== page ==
Passive building refers to a quantifiable energy performance goal, and the design methodology used to achieve that goal. Let’s start with the design priorities.
Conservation First – designers reduce the load on the heating and cooling systems by investing in passive measures in the building envelope.
Cost Effectiveness – the extra investment in conservation meets an economic feasibility test based on climate specific data and market conditions.
Look for other Efficiencies – further reduce the load on utilities and the building’s carbon footprint by using efficient mechanicals, lighting, appliances, etc.
Aim for Net Zero/Positive – assess the site, and if enough resources are available, add renewables (within a cost-effective framework) toward the zero or positive target.
The PHIUS + 2015 Performance Metric
The PHIUS+2015 metric was developed under a three-year research project funded by the U.S. Department of Energy (DOE)
Building America program, and conducted in partnership with Building Science Corporation (BSC)
Using the DOE’s BeOPT cost optimizer in combination with WUFI Passive Software, the PHIUS Technical Committee developed a method to generate climate specific standards that are both aggressive in terms of conversation, and cost-effective and practical for the project’s climate conditions.
Is the passive house approach only for houses?
No! The approach can be successfully applied to any type of building, including skyscrapers.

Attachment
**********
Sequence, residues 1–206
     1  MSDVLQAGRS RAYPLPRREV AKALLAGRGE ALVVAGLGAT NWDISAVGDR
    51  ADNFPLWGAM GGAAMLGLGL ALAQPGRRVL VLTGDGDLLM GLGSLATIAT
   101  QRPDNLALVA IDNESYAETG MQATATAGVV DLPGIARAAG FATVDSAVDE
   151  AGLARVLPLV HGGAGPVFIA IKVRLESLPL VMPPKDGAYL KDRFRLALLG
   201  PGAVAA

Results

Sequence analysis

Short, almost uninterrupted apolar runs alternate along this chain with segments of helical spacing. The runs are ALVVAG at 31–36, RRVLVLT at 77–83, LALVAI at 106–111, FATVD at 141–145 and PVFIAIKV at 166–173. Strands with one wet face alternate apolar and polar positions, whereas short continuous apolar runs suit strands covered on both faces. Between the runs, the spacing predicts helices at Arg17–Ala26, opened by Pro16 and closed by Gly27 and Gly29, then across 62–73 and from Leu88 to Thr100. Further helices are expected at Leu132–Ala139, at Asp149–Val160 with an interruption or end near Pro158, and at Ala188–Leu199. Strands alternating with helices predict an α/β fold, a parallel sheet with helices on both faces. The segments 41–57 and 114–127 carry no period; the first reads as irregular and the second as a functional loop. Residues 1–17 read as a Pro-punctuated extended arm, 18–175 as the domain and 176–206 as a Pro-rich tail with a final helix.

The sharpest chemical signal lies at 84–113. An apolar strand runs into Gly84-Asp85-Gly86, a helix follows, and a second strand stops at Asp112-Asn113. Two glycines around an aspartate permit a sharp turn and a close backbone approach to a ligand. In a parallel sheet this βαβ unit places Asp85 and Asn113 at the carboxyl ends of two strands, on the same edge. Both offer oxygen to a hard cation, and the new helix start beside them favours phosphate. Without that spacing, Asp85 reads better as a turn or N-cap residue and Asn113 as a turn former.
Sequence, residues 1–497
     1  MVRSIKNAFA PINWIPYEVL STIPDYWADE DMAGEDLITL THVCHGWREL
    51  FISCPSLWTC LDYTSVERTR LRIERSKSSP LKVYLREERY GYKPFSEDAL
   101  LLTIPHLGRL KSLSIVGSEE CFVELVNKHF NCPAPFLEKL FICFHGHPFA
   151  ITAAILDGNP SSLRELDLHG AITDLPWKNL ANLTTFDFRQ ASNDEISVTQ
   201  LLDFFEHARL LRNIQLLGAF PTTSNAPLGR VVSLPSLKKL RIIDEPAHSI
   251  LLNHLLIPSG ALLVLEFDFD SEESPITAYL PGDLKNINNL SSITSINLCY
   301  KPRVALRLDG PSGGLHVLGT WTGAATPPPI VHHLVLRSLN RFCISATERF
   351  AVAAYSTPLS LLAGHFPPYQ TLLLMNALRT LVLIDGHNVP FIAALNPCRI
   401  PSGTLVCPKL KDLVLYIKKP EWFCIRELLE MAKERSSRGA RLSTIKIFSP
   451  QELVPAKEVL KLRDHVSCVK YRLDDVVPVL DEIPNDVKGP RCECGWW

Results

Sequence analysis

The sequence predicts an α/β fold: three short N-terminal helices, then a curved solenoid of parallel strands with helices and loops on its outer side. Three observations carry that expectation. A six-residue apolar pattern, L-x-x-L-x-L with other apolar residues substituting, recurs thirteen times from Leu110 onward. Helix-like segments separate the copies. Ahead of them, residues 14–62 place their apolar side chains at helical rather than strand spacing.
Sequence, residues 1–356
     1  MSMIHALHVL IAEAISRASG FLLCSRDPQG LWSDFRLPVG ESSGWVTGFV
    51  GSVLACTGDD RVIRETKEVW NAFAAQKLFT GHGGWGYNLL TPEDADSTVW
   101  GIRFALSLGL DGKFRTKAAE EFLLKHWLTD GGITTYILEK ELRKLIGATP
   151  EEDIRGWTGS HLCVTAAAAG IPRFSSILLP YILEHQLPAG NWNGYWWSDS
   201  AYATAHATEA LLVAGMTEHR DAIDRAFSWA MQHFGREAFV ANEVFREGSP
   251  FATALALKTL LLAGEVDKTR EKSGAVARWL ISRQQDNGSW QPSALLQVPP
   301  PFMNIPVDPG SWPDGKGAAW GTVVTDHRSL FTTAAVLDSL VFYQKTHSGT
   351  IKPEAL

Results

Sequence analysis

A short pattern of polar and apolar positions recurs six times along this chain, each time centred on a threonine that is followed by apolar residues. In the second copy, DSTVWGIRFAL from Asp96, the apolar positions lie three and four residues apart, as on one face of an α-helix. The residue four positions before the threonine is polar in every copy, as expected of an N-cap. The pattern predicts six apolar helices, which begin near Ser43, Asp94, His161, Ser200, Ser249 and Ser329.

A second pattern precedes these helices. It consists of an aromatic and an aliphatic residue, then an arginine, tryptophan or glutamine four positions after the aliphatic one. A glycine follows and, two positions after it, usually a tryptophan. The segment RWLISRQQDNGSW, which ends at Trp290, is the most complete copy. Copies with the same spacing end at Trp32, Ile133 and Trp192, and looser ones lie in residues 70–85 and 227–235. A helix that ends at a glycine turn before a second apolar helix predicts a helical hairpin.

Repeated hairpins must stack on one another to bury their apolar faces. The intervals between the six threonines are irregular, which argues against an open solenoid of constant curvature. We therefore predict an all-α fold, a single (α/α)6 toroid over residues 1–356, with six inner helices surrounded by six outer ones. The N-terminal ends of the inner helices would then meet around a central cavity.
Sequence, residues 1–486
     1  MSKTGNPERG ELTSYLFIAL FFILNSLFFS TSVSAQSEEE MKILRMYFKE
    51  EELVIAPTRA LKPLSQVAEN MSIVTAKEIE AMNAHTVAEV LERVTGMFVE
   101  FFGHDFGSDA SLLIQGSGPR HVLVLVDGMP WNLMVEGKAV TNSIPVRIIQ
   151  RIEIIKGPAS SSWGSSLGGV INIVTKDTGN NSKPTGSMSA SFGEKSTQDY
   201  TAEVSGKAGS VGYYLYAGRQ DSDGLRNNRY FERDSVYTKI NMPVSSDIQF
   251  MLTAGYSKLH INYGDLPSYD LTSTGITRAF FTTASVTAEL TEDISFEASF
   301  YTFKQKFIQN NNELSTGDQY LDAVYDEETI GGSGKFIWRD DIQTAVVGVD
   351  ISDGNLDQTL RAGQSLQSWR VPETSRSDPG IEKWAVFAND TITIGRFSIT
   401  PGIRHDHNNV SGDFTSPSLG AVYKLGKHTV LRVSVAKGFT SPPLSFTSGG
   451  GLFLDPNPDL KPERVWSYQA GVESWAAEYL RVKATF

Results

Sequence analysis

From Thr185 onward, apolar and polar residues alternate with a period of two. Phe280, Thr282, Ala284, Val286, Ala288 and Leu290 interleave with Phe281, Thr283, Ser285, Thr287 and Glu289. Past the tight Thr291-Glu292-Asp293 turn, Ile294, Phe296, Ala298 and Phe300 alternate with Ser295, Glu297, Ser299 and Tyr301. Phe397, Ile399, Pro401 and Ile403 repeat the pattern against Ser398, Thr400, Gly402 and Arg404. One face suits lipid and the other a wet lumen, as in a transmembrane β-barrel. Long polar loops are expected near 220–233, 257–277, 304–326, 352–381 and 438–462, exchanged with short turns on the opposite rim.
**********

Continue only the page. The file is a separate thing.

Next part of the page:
The term passive house is something of a misnomer — although plenty of single-family homes have been built to the passive house standard, the approach is increasingly being applied to multifamily apartment buildings and large scale commercial buildings as well. As a result, the term passive building is gradually coming into more common usage, as it’s a more accurate term than passive house.
Does it cost a lot more to build a passive building compared to a conventional equivalent?
Currently, a passive building typically costs about 5-10% more than a conventional building. In general, the larger the building the less of a cost difference there is. Also, as more large-scale window and door manufacturers bring high-performance products to market, economies of scale are expected to drive down costs.
What is it like to live in a passive house? Can you open the doors and windows?
Passive houses and buildings are extremely comfortable in all seasons. That’s because there are no drafts, temperature variance is extremely narrow (even near doors and windows), and active, balanced ventilation makes for superb indoor air quality. And yes, passive house owners open their doors and windows just as they would in a conventional home.
Passive buildings are super airtight – what about moisture and mold problems?
Passive buildings do require an extremely airtight building envelope. Combined with super-insulation, this approach dramatically reduces temperature variation, which also prevents condensation and mold issues. The constant, low-level ventilation also helps prevent moisture problems in addition to maintaining excellent air quality.
That being said, potential moisture issues must be carefully addressed at the design stage. That’s why it’s important to work with a Certified Passive House Consultant (CPHC®). CPHCs are trained to accurately model building performance and to identify and address potential moisture issues with a variety of techniques.
Do passive buildings all have to look the same?
Nope! Although many early passive homes used an austere European style, passive design does not dictate aesthetics. PHIUS has certified projects in dozens of styles ranging from Cape Cods to traditional Four Squares, contemporary multifamily projects, and more.